Tesla Proves Everyone Wrong, Makes a Profit
Written by Michael Graham Richard
Tesla has released its financials for the first quarter of 2013, and while Elon Musk, the company’s CEO, had said that it would be their first profitable quarter, nobody expected it to be that profitable. Analysts had predicted an average of 4 cents a share, and Tesla delivered 3 times that (net income for the quarter was a bit over $11 million)! The company has delivered 4,900 electric cars during the quarter, more than the 4,500 they expected, and consistently building around 400 a week. They expect demand for the Model S to exceed 15,000 per year in the U.S. and 30,000 worldwide.
Record sales of $562 million, up 83% from last quarter
More than a million people visited the company’s stores during the quarter, resulting in orders for the Model S at a rate of more than 20,000 per year. The recent changes to financing options should help with. Musk said it would make the Model S affordable to the wealthiest 10 million U.S. households, compared with about one million without this financing model. The next Tesla platform, expected in a few years, should be affordable to most, as it is expected to be priced in the $30k range (but nothing’s official at this point). So if they can sell this many premium EVs, imagine how many ‘mainstream’ ones they could sell?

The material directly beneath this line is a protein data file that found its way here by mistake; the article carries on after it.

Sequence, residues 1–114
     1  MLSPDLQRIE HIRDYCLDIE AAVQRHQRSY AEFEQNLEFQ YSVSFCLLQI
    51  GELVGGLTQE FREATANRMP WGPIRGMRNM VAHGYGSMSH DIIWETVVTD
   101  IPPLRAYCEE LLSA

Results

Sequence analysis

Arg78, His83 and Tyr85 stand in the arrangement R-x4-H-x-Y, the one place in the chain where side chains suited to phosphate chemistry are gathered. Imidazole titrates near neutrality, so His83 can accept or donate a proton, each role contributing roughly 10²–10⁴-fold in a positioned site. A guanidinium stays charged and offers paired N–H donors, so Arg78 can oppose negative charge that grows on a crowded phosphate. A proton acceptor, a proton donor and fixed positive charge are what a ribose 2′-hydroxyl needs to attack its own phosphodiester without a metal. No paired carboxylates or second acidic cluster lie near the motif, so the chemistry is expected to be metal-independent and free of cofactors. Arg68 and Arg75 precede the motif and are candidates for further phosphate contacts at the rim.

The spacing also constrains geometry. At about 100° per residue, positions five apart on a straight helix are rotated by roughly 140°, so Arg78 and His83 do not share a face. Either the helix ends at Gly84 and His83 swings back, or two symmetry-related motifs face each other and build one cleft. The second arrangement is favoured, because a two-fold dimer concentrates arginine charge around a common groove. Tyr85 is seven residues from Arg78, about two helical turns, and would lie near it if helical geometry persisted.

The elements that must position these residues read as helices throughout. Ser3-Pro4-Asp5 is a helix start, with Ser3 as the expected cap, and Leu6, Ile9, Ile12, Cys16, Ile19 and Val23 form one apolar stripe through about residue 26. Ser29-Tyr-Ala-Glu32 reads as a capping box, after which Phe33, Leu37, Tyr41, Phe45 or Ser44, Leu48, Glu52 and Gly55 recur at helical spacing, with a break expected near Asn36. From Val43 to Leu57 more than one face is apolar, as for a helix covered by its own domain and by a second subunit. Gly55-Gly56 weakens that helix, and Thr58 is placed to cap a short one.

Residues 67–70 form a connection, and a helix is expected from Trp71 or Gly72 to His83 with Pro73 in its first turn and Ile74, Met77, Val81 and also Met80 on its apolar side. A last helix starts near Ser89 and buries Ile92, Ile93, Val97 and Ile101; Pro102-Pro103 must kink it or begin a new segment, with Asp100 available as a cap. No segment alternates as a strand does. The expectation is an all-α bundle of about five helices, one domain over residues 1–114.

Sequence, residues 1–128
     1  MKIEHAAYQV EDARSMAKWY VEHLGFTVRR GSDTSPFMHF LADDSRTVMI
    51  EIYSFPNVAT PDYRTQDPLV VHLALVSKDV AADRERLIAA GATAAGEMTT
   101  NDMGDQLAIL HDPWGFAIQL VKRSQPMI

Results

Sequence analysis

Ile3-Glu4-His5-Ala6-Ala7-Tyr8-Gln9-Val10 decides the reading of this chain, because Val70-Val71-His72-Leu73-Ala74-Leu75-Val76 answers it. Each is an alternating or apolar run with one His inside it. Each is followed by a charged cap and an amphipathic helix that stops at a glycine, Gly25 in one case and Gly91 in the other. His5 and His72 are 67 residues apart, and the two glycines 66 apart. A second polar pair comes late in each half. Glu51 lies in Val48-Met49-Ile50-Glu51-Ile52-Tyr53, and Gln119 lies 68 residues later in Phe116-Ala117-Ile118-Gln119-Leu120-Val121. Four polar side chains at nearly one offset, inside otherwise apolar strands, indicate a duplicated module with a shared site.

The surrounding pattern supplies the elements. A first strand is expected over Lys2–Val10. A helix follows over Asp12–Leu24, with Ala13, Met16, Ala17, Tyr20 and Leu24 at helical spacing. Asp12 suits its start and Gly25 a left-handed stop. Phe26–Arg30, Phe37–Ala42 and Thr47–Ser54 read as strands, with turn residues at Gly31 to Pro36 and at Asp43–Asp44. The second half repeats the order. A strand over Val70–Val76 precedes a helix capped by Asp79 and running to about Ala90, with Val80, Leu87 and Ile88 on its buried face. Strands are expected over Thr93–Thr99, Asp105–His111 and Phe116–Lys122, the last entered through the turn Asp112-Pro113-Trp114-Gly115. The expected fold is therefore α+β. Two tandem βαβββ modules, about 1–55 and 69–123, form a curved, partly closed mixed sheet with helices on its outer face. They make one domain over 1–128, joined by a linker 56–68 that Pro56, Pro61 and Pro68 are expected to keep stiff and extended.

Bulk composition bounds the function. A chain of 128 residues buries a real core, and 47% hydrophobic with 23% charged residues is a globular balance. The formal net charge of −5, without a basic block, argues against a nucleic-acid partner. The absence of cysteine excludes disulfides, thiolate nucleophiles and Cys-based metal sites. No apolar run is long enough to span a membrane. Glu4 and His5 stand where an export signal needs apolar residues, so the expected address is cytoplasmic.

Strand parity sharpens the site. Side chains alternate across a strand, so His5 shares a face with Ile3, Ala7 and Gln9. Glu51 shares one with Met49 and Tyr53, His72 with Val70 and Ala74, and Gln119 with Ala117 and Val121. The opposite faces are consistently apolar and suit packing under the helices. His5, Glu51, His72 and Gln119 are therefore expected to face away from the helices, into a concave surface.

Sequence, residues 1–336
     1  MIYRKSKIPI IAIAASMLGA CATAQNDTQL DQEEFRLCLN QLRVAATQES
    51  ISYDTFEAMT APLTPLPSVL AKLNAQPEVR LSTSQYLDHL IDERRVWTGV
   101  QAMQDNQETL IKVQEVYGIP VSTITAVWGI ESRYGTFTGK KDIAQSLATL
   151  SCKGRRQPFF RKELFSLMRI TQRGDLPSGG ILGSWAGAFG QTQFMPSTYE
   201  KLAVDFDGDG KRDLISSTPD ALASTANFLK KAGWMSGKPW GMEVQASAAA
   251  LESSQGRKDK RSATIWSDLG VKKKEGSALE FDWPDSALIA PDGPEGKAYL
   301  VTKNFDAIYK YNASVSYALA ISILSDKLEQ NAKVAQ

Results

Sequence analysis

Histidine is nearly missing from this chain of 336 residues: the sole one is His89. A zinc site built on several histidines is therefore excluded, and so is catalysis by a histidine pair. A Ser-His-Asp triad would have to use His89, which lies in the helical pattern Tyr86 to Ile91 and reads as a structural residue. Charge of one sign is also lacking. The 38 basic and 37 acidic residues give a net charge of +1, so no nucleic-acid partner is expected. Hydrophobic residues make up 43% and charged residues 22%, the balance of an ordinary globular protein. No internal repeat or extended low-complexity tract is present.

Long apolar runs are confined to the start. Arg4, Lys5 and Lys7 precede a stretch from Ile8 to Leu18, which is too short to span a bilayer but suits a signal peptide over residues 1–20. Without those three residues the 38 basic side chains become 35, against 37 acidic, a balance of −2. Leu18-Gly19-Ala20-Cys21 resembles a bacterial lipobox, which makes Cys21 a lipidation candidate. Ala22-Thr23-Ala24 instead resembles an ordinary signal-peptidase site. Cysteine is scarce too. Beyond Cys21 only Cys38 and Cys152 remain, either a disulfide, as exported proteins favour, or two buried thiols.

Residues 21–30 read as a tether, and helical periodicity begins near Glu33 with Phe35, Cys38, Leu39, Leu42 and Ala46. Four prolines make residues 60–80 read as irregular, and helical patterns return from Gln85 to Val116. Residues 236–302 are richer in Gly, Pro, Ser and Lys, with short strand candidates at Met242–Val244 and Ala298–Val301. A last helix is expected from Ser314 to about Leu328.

Manufacturing tweaks are also making a big difference: Between December and March, Tesla has reduced the number of hours required to build a Model S by almost 40%!
The stock market liked the news, and Tesla’s stock jumped by over 20%, giving the company a market cap of around 7.7 billion dollars. Year-to-date, that’s an increase of about 100%. Not bad for a pioneering startup in one of the most difficult and capital-intensive industries! This reminds me of the film Who Killed the Electric Car? in which auto journalists tell the interviewer that Tesla won’t make it and Elon Musk is in way over his head…
You can read Musk’s letter to shareholders here.
This post was originally published by TreeHugger.